Integrated Direct Marketing Agency Question: What’s splotchy, black and white and fits in a box?
Answer: One of today’s most quickly emerging marketing trends, the QR code.

If you’re reading this, chances are you’re fairly marketing savvy. You probably know what a Quick Response (QR) code is. But have you taken the time to weigh the positives and negatives of launching a strategic marketing campaign involving QR? Or decide if this new fad has staying power? Keep reading for a top-line summary of the benefits and drawbacks of using QR codes. I promise this post will be a quick scan.

The Good
Why are marketers tripping over themselves to slap a QR code onto any and every ad, billboard and mail package they push out the door right now? Because it’s a new way to spruce up old channels of communication. At this stage, it still piques a shopper’s curiosity. These codes give marketers an alternative to the same old “call, click or come in” call to action. More importantly, they are a highly measurable way to drive response. Not only can you track the number of hits, but also demographic information, such as age, gender and location. Oh, and it makes companies look cool to influential early adopters.

Another benefit is the QR code’s Swiss Army-like versatility. Any business can customize usage to fit their specific strategic marketing plan. Movie studios can link fans directly to trailers. Real estate agents can lead homebuyers to a quick virtual tour. And furniture manufacturers can provide customers with easy-to-follow assembly instructions. At The Kern Organization, we just created a direct mail package for Symantec that uses a QR code to direct prospects to an informative video that expands on the letter’s key message. There’s no end to the possibilities.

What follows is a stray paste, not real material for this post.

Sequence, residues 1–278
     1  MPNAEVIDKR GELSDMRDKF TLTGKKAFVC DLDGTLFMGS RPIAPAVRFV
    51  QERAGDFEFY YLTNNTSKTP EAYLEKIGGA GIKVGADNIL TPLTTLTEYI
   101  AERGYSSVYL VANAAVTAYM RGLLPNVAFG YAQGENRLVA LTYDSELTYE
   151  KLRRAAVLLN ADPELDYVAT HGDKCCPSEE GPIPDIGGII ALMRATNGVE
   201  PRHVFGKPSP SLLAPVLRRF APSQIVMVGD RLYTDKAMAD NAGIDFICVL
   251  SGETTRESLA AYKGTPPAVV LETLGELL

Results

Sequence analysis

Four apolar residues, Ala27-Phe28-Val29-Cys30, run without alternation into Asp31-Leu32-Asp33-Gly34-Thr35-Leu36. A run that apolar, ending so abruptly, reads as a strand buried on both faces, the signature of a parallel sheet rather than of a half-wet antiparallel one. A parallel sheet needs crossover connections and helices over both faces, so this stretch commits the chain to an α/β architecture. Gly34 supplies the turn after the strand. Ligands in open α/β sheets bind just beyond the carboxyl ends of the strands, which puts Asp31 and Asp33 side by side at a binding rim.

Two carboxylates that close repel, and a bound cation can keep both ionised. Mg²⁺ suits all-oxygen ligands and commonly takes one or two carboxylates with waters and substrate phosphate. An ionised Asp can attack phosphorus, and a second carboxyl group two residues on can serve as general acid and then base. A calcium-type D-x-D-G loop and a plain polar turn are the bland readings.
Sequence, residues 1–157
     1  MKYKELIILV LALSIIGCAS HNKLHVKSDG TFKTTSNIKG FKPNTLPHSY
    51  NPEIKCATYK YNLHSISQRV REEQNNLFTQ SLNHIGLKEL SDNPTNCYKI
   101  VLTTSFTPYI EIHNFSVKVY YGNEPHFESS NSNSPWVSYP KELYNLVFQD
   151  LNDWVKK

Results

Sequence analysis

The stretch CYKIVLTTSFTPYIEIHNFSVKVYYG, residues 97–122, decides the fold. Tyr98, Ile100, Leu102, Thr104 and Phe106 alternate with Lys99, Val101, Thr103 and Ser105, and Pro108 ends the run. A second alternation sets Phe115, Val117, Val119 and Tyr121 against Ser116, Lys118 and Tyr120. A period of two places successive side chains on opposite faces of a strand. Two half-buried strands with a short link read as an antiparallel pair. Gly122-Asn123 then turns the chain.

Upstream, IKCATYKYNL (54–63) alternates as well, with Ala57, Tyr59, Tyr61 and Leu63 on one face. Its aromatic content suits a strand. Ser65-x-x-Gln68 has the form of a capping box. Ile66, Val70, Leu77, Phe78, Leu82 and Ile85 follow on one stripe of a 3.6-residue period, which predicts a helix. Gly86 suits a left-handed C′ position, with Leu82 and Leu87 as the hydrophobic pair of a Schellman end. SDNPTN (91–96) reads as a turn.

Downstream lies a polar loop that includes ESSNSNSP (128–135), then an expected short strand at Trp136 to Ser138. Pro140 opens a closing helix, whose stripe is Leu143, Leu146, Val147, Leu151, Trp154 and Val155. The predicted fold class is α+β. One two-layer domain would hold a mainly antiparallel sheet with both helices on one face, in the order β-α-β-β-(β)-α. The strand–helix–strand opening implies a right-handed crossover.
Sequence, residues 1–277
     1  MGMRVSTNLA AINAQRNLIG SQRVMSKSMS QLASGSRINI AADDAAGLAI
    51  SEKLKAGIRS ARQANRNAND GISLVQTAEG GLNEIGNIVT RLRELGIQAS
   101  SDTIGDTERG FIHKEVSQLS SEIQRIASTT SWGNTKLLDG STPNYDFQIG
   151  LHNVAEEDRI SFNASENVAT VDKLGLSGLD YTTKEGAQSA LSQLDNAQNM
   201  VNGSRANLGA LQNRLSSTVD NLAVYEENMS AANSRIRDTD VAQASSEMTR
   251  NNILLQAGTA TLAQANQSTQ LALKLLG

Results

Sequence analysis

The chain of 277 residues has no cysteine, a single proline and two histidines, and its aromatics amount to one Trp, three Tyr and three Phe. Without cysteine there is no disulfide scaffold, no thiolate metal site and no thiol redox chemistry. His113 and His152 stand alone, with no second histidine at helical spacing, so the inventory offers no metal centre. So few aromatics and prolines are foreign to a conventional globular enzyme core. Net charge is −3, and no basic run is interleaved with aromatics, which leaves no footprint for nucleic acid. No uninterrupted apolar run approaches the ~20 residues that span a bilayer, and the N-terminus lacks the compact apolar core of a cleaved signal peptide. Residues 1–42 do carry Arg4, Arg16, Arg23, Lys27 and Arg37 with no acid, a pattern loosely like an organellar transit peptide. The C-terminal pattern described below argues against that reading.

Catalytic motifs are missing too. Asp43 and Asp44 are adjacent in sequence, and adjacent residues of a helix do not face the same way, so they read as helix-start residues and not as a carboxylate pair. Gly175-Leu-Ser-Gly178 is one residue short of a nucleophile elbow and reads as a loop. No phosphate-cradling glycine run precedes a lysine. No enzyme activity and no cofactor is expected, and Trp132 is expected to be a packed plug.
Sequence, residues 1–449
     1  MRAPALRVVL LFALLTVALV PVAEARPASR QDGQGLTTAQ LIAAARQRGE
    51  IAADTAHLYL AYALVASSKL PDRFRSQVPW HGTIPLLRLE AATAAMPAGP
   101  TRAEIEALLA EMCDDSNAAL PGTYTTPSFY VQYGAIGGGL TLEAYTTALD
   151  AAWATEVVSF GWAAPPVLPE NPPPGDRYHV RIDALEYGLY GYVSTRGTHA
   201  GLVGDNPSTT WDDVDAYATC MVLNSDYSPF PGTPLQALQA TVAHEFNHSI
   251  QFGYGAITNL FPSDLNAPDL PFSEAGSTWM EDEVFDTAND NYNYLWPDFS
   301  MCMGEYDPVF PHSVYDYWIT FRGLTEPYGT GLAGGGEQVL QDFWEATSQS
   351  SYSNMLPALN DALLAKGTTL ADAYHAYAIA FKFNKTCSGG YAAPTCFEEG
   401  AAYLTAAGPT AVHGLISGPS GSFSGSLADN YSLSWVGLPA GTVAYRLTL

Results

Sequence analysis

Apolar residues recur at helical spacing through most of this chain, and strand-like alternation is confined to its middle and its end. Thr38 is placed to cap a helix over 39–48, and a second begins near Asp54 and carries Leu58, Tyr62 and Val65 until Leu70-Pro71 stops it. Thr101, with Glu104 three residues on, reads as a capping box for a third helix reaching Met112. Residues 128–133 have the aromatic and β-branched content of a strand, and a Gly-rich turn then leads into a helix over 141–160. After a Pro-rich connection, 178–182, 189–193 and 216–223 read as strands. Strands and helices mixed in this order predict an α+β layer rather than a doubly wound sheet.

A huge opportunity exists for marketers to leverage this technology to grow their businesses. Really, companies have nothing to lose by incorporating QR codes into their strategic plan—they’re free to generate and QR-enabled apps are free to consumers.

The Bad
There are a number of drawbacks to evaluate when considering the effectiveness of QR marketing. First and foremost, you need people to clear the hurdles to access your online information. Potential customers need to:

1) Use a smart-phone with a camera that is advanced enough to capture the code
2) Download one of the many code reader apps available
3) Scan the code correctly (not always an easy feat)
4) Interact with your online landing page

That’s a bit of work that could weed out those with only a passing interest. Also consider that prospects are most likely to use the Web browser on their phone to access the embedded URL. That means you should have a mobile version of your Web page available. The other part of the equation is critical. Businesses need to make the scan worthwhile with a sound online marketing strategy. Driving people to a standard Web site won’t cut it. For the best results, there has to be a big payoff in the way of a special discount, exclusive content or relevant tips.

The Ugly
Some businesses may be hesitant to disrupt a pristine layout with what looks like a chessboard on steroids. Well, fret not. There are design firms that will perform a QR makeover to give them an artistic flair. From names and logos to more organic treatments, it’s now possible to conceptualize the pixelated patch. Of course, companies shouldn’t veer too far off the beaten path with elaborate designs. People’s eyes have become trained to seek out the distinctive QR code look. Wouldn’t want it to get lost on the page or screen.

The Future
eMarketer reports that smart-phones are projected to be in the hands of 43% of mobile users by late 2015. Scanning will certainly gain momentum as the masses get acclimated to the technology. It’s critical for almost all types of businesses to consider incorporating QR into their strategic planning models, or, at the very least, have an understanding of what QR coding can do for them. It’s already reshaping the way people respond to various channels of marketing communication.

Businesses aren’t the only ones making the most of this ingenious innovation. Individuals are also promoting their own causes by putting QR codes on clothes, temporary tattoos, cakes, business cards, even resumes. Yes, Quick Response is making its mark on our lives as well as our purchase behavior. And it appears that we’re only at square one.

To learn more about QR codes and to learn about best practice landing pages, click here.

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